Japanese people work a lot (long hours, at least) and are sometimes reluctant to take their days off. Therefore, the government regularly adds public holidays to "force" employees to rest. The Japanese archipelago has thus become one of the countries with the most days off in the world.
Here is the list of national celebrations, which correspond to public holidays in Japan. These days also mark the leave of some administrations, as well as certain Japanese gardens, parks, museums and temples / shrines. However stores and shopping malls remain usually opened during this schedule:
|Date||Official name||In Japanese||Translation / Event|
|January 1st||Ganjitsu||元日||New Year / 1st day of the year|
|2nd Monday of January||Seijin no Hi||成人の日||Coming of Age Day (at 20 years old)|
|February 11||Kenkoku (Kinen) no Hi||建国の日||National Foundation Day|
|February 23||Tennô Tanjôbi||天皇誕生日||Birthday of Emperor Naruhito
(starting in 2019)
|March 20 or 21||Shunbun no Hi||春分の日||Vernal Equinox Day (spring equinox)|
|April 29||Showa no Hi||昭和の日||Birthday of Emperor Showa|
|May 1||TBC||Prince Naruhito’s enthronement
(only in 2019)
|May 3||Kenpo Kinenbi||憲法記念日||Constitution Memorial Day|
|May 4||Midori no Hi||緑の日||Greenery Day|
|May 5||Kodomo no Hi||子供の日||Children's Day|
|3rd Monday of July||Umi no Hi||海の日||Marine Day|
|August 11||Yama no Hi||山の日||Mountain Day (added in 2016)|
|3rd Monday of September||Keiro no Hi||敬老の日||Respect for the Aged Day|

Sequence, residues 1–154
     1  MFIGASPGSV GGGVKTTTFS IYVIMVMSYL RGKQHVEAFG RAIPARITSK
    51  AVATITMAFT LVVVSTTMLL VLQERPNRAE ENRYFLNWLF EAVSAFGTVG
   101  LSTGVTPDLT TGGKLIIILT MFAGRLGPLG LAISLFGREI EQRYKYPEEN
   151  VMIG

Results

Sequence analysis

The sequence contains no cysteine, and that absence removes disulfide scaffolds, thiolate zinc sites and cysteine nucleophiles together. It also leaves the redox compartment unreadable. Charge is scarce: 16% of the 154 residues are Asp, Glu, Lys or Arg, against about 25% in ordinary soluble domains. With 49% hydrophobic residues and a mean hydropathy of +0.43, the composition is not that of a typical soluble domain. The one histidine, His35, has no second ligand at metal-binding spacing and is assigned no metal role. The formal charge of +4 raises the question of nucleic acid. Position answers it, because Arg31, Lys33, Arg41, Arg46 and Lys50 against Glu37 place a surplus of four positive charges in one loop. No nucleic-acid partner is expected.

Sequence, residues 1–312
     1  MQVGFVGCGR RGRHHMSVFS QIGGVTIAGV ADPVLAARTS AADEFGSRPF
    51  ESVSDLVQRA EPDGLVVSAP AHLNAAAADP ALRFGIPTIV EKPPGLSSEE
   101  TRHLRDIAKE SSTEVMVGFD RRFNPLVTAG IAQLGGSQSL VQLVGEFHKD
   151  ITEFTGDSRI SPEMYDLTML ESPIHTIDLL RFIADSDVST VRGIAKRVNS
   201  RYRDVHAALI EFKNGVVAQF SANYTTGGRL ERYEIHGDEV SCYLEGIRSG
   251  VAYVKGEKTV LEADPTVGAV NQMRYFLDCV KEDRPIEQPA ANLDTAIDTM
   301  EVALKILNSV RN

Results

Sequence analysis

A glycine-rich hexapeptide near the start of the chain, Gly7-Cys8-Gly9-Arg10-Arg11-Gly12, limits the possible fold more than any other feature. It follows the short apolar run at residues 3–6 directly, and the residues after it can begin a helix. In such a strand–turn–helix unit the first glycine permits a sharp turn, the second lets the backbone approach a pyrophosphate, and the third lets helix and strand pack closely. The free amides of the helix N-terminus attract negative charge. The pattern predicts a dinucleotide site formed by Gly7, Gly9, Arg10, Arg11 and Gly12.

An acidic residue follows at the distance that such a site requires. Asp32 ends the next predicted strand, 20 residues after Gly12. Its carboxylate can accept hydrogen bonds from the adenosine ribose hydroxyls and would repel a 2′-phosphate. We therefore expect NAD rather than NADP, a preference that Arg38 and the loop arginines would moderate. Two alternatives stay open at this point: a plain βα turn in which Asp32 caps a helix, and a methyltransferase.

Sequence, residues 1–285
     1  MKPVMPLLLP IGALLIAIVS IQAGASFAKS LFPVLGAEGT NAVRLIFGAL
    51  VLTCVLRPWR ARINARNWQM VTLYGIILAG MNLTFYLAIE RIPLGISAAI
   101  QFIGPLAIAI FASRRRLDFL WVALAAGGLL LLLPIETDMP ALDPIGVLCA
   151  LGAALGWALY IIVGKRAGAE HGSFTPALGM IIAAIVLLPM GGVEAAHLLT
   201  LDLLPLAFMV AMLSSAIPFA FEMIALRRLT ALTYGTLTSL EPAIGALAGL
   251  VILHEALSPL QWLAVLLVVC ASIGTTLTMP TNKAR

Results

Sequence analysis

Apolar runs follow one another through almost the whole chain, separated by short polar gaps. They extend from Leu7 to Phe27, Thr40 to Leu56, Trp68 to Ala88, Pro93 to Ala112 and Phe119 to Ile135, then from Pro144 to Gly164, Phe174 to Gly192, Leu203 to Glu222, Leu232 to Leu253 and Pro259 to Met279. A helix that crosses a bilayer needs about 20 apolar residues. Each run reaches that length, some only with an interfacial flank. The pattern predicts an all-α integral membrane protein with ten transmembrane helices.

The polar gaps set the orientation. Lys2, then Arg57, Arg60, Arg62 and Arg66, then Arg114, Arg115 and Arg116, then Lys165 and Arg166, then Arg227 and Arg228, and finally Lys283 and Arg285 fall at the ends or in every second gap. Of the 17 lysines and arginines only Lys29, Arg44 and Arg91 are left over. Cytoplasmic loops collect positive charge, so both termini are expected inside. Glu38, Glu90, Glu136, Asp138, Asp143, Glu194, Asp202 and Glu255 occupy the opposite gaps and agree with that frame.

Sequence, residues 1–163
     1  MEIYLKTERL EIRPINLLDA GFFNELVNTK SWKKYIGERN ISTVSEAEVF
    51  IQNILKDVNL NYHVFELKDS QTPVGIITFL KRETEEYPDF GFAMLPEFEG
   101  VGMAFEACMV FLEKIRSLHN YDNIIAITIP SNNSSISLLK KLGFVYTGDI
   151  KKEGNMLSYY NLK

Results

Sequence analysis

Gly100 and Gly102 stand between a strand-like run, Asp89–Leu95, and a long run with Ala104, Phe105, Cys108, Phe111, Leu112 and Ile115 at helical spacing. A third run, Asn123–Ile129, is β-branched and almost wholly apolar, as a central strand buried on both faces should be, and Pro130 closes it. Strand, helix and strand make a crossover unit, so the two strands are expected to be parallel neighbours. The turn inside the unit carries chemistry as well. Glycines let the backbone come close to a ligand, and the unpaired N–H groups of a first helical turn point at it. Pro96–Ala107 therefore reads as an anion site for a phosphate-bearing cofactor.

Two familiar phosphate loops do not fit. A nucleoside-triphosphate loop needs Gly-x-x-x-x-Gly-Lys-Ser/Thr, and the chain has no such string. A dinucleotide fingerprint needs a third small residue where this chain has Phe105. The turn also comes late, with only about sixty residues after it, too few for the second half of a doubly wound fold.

|September 22 or 23||Shubun no Hi||秋分の日||Autumnal Equinox Day|
|2nd Monday of October||Taiiku no Hi||体育の日||Health and Sports Day|
|October 22||TBC||Emperor Naruhito’s enthronement ceremony
(only in 2019)
|November 3||Bunka no Hi||文化の日||Culture Day|
|November 23||Kinro Kansha no Hi||勤労感謝の日||Labour Thanksgiving Day|
|December 23||Tennô Tanjôbi||天皇誕生日||Birthday of Emperor Akihito
(will be removed from 2019)
Good to know during a travel in Japan: if the national holiday falls on a Sunday, the following Monday (the day after) is non-worked.
To be very detailed, we can add to this list countless regional and local festivals, but they are rarely days off.
Also, there are a certain amount of other big annual events (Obon in August, Shichi-Go-San in November, Christmas in December…) which are celebrated nationwide but not as public holidays.
Important notice: special features in 2020!
In order to celebrate Tokyo Olympic Games, three public holidays will be shifted to match the opening and closing ceremonies:
- Marine Day is postponed from the 20th to July 23rd
- Health and Sports Day is postponed from October 12th to July 24th
- Mountain Day is postponed from the 11th to August 10th
Holiday weeks in Japan
In Japan, there is also a traditionally strong concept, happening once or twice a year: a collection of public holidays in a row which, end by end, make up a small resting week for many Japanese people.
First there is the Golden Week / ゴールデンウィーク: May 3-4-5 + the weekend, sometimes supplemented by a "Silver Week" in late September.
And finally, the Oshogatsu / 御正月 period: from December 29th to January 6th, traditionally dedicated to house cleaning and onsen break. Some people also call it the "Second Golden Week". Note that many tourist attractions, shops and restaurants are closed during those days.